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The Toddler Program serves children between the ages of 18 months and three years, a transitional time when abilities can be developed to their fullest in a Montessori environment. The Toddlers have one certified Montessori teacher and one trained assistant giving them a 6:1 ratio. The half-day program attends school five days a week from 8:15 a.m. - 11:30 a.m. The full-day program attends school five days a week from 8:15 a.m. - 3:00 p.m. The full-day program also has the option of early care from 7:30 a.m. - 8:15 a.m. and late day care from 3:00 p.m. - 5:45 p.m.
Toddlers between the ages of 18 months to three years are still very new to the world of sights, sounds and movements. They are in awe of the wonders and objects of the world, while at the same time their immature senses can be over stimulated. This toddler must orient his or herself in an unfamiliar setting and establish a sense of trust in others and in the environment. The purpose of the Toddler class is to assist the child in accomplishing this task.
The Toddler environment is a warm, nurturing environment where children develop social skills such as cooperation through practice and learn to use words to express the emotions they are feeling and the emotions being experienced by others. The teachers and adults are strong role models for grace, courtesy and sincere consideration for others. Children develop a true love of learning that evolves naturally from their individual exploration and action in this specially prepared environment.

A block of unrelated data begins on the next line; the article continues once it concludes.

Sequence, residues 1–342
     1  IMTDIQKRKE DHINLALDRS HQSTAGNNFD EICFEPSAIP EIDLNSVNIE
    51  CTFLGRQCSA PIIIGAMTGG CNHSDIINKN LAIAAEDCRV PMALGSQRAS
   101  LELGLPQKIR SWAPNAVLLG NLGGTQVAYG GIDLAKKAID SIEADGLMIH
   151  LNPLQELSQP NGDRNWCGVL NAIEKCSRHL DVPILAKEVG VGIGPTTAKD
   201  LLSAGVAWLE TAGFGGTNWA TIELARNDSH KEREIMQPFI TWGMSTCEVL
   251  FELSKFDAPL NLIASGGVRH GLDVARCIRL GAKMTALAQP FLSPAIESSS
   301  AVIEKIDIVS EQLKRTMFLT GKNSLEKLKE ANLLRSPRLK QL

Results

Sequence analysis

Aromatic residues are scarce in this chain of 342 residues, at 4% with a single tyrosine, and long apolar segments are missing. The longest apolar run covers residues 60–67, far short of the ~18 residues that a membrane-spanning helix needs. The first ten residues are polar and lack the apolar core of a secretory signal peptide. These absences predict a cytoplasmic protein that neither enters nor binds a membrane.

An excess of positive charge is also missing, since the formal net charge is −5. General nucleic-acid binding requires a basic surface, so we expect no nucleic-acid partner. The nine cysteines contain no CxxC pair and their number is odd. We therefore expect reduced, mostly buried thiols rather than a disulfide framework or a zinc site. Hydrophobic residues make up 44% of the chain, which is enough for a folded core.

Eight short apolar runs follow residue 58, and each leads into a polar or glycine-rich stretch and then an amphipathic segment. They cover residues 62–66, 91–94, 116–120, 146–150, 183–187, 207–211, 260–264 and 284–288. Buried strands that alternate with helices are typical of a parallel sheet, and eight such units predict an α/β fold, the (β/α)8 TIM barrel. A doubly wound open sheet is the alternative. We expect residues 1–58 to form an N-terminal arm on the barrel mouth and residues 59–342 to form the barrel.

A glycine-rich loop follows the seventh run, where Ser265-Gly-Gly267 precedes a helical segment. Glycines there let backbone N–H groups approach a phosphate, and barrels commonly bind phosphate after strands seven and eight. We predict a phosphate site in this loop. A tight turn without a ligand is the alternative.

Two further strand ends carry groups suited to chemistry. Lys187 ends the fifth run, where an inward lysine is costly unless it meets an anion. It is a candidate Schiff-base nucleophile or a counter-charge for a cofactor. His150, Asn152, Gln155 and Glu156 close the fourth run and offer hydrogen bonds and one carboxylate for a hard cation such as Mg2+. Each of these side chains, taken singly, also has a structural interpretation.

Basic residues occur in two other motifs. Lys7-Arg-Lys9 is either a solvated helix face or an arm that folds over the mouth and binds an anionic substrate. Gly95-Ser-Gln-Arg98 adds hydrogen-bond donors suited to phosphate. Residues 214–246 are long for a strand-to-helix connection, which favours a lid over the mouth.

The Toddler classroom is specifically designed to address the interests and abilities of children from 18 months to three years of age. The environment fosters the development of order, concentration, coordination, and independence in a gentle atmosphere of respect, accomplished through providing work that is developmentally appropriate. As the student’s interest and abilities evolve, work is chosen based on the teacher’s observations of the child. Throughout the year, early materials are replaced with more complex and challenging ones.
The environment is rich with materials that stimulate conversation and the development of language, sensory exploration, manipulatives, pre-math materials, science and nature exploration, and activities that continue to develop fine and gross motor movement. Children are also able to experience art and music from other cultures as well as plenty of opportunity for creative expression. Practical life skills relate to care of self and care of the environment; this area of the classroom is the foundation of the Montessori Philosophy and plays an important role in both toddler and primary environments.